Almost every week members of the Knesset gather to promote the funeral of the natural landscape in Israel. In a joint forum of the Economic Affairs Committee and Internal Affairs and Environment Committee, they review the clauses of the new planning and building bill (the "balconies reform" ), comment and criticize, demand corrections, but until now no real amendments have been made.
If it is not significantly changed, the new bill, which is being prepared for its second and third reading, will pave the way for the government to speedily approve plans for constructing housing and infrastructures on an unprecedented scale. These will wipe out a significant part of the little open space remaining in Israel, especially in the area north of the Negev where most of the country's population lives.
Dozens of environmental struggles waged by green organizations and residents groups ended successfully in recent years. This happened to a large extent because of the support of the planning committees, who took an approach that prefers careful planning based on building in existing communities and not at the expense of open spaces. An analysis conducted recently by the Society for the Protection of Nature in Israel shows that if the new bill were in force, many of those campaigns would have failed.
Take, for example, plans that were blocked to build new communities in unique landscape areas in the Negev and the Judean foothills. The new bill would grant the interior minister the right to declare a "special planning zone" in which a committee will be established that will be able to approve, among other things, the establishment of new communities. The minister will also be able to promote building plans through a local master plan which he will define as having "national importance," and shorten its approval procedure.
As part of the new bill, district master plans in which a great deal of thought was invested in recent years, and which have become a vital tool in assessing the long-term effect of building plans, will be canceled. They helped prevent the approval of projects such as paving a road on the edge of the Carmel, which would have seriously damaged the landscape. Instead of the district master plans there will be a new means, which has been given the appropriate name of "comprehensive plan," because it will likely include a range of possibilities to approve more construction.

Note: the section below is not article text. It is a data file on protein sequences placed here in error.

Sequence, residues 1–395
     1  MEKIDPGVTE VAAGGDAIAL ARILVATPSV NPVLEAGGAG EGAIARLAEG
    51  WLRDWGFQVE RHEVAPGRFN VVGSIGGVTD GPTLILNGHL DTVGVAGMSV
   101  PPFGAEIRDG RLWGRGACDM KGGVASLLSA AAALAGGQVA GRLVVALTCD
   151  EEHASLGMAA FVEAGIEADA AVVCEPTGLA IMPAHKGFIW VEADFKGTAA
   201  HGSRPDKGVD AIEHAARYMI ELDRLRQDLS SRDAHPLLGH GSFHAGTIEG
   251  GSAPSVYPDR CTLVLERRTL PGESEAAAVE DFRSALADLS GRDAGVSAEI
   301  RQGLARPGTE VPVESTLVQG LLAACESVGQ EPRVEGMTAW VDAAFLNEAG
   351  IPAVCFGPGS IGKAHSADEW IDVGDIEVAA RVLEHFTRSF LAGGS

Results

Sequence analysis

Perhaps the most draconian tool is the establishment of a series of subcommittees for planning and building, which will have broad authority to approve various infrastructure plans, with virtually no possibility of appealing their decisions. If such committees existed today, it is reasonable to assume that they would have approved plans such as quarrying in the Natuf river bed and building the Nof Ayalon road - two projects in the Modi'in area that were ultimately not approved, and would have seriously damaged the open landscape that still exists in the area.
Add to that the fact that a large part of the planning committees will be under the almost complete control of representatives of government ministries, and it becomes clear that representatives of the public will have almost zero influence on the decision-makers. You don't need a developed imagination to estimate what short-sighted and narrow-minded Israeli governments will do with the tools of tremendous authority given them by the new bill.
The citizens of Israel can only put their trust in the handful of legislators who are holding the discussions in the Knesset. It is flimsy, but that's all there is. Perhaps public pressure, combined with a bit of wisdom and fairness that some Knesset members still have, will cause them to recognize that they must introduce many amendments to this bill that will neutralize its damaging effect as much as possible.
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